American Family Archives | Preserving Wedding Dresses & Heirloom Fabrics
So, folks, while this installment of our inclusive American Family Archive series of informative (and humorous!) blogs is gonna be focused on wedding dresses, wedding shoes, and other related bridal artifacts (see pix, above), the SAME materials and procedures described here can be used to store ALL SORTS of textiles and family heirloom fabrics and garments (see pix, below).
Yup, you can use the info below to safely store ALL of your important or sentimentally valuable heirloom fabrics including christening gowns / baby clothes / military uniforms / high school or college varsity letterman’s sweaters or jackets (remember those? – careful, you’re dating yourself! – see pix on the above left) / quilts / fine linens / grandma’s old lace / Uncle Lloyd’s Bowlarama Dine & Bowl bowling shirt (see pix on the above right) / even table cloths you still pull out and use for holidays and special occasions.
Whatever type of textile YOU wish to safely and archivally preserve, consider these storage tips and materials to preserve your wedding dress or other fabric artifacts for a lifetime (or two or three!).
And with that, we’re off!
1. Find Your Wedding Dress (or Other Fabric Artifact) and Get It Out of That Old Junky Box!
Wedding dresses are something to be valued and treasured. They are often considered one of the most important garments a woman ever wears.
Although some women may want to donate or sell their dress, a good many others want to keep them to pass down or share with a family member.
Fortunately, there are a number of preservation techniques and materials that you can use to keep your (or your mother’s / grandmother’s / great-grandmother’s) wedding dress in the best condition possible.
Sibley’s department store in Rochester, New York, (right hand photo) was founded in 1868.
By 1939 it was the largest department store between New York City and Chicago.
Sadly, it was bought out and eventually closed in the 1990s (weren’t they all).
Too bad, as it was cool, especially at Christmas. Fond memories of all that.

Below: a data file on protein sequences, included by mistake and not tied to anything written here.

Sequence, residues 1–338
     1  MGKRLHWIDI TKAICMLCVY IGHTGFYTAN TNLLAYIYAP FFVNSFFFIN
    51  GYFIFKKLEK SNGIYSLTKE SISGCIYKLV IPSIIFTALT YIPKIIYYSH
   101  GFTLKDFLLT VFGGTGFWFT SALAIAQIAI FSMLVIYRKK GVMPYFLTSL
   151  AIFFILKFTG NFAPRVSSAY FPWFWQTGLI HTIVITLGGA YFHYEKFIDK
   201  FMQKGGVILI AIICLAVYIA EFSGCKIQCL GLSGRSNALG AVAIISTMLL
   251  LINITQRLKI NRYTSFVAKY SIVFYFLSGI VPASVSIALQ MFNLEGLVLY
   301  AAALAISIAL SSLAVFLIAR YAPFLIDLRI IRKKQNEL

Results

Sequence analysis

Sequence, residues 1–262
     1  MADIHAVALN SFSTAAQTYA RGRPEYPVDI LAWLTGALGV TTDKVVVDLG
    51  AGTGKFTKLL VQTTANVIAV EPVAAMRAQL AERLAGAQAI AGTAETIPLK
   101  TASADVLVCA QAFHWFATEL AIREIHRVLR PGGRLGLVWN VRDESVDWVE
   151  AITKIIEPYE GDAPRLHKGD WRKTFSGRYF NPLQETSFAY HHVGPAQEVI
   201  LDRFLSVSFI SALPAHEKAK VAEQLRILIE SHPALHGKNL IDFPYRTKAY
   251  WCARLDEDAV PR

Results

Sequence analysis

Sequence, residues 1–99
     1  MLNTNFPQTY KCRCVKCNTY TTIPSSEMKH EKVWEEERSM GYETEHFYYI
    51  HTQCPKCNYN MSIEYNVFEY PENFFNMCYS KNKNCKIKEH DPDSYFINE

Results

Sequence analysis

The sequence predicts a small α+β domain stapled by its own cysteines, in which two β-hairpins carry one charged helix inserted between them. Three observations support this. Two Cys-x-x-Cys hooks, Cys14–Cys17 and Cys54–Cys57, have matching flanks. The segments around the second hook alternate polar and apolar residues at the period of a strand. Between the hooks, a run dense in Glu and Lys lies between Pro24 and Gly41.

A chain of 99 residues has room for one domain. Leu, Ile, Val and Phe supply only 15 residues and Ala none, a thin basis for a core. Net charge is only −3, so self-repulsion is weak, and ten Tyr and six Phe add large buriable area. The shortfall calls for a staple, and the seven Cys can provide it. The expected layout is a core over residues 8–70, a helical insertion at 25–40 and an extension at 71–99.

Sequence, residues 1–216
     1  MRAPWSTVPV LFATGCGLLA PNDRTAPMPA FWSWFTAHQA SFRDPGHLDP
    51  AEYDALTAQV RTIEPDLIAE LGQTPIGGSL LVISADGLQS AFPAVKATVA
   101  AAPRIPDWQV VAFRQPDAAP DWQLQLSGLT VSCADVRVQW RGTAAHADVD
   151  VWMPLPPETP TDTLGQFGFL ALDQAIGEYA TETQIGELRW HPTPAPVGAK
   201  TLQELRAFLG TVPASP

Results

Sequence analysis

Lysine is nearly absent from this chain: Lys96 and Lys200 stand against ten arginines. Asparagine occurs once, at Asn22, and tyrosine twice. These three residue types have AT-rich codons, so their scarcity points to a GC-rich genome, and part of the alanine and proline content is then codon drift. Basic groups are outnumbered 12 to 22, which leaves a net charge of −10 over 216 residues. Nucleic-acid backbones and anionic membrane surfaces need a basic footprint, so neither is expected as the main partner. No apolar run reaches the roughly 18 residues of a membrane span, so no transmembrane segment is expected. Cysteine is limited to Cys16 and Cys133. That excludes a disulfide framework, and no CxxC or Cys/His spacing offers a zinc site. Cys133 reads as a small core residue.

First, though, a bit about boxes. More often than not, your mother’s or grandmother’s (or great-grandmother’s!) old wedding dress and other heirloom fabric artifacts are currently stored in either the box they originally came in (see the flimsy, non-acid-free cardboard Sibley’s box from 50 years ago on the left), or in cheap plastic bins purchased just about anywhere (see the christening gowns, baby shoes and blankets on the right). The acids in old cardboard boxes and the damaging gases emitted by cheap plastic bins (that awful “plastic” stink you smell when you open one) can actually damage delicate wedding dresses and old fabrics.
2. Get the RIGHT Storage Box and Archival Materials (and CLEAR / CONCISE Instructions!)
Now we’re talkin’ folks! This Textile Storage Kit comes with EVERYTHING you need to store wedding dresses and other textile / fabric items, including:
• an acid-free Textile Storage Box (the flat gray thingy)
• acid-free Un-Buffered Archival Tissue (more on that important topic below)
• two (count ’em, TWO) pairs of White Cotton Inspection Gloves
• a reusable moisture-absorbing Desiccant Canister
• a large Polyethylene Bag for storing your finished kit (to be used on the OUTSIDE of the box, see below)
• clear & concise instructions / checklist on just WHAT ya need to do (click here to see them)
Okay, so by now I’m sure you’re thinking “Hey Lance, just how is that flat pile of strangeness gonna save my (or Great-Grandma Mildred’s) wedding dress from the ravages of time, and just how long is this project gonna take???”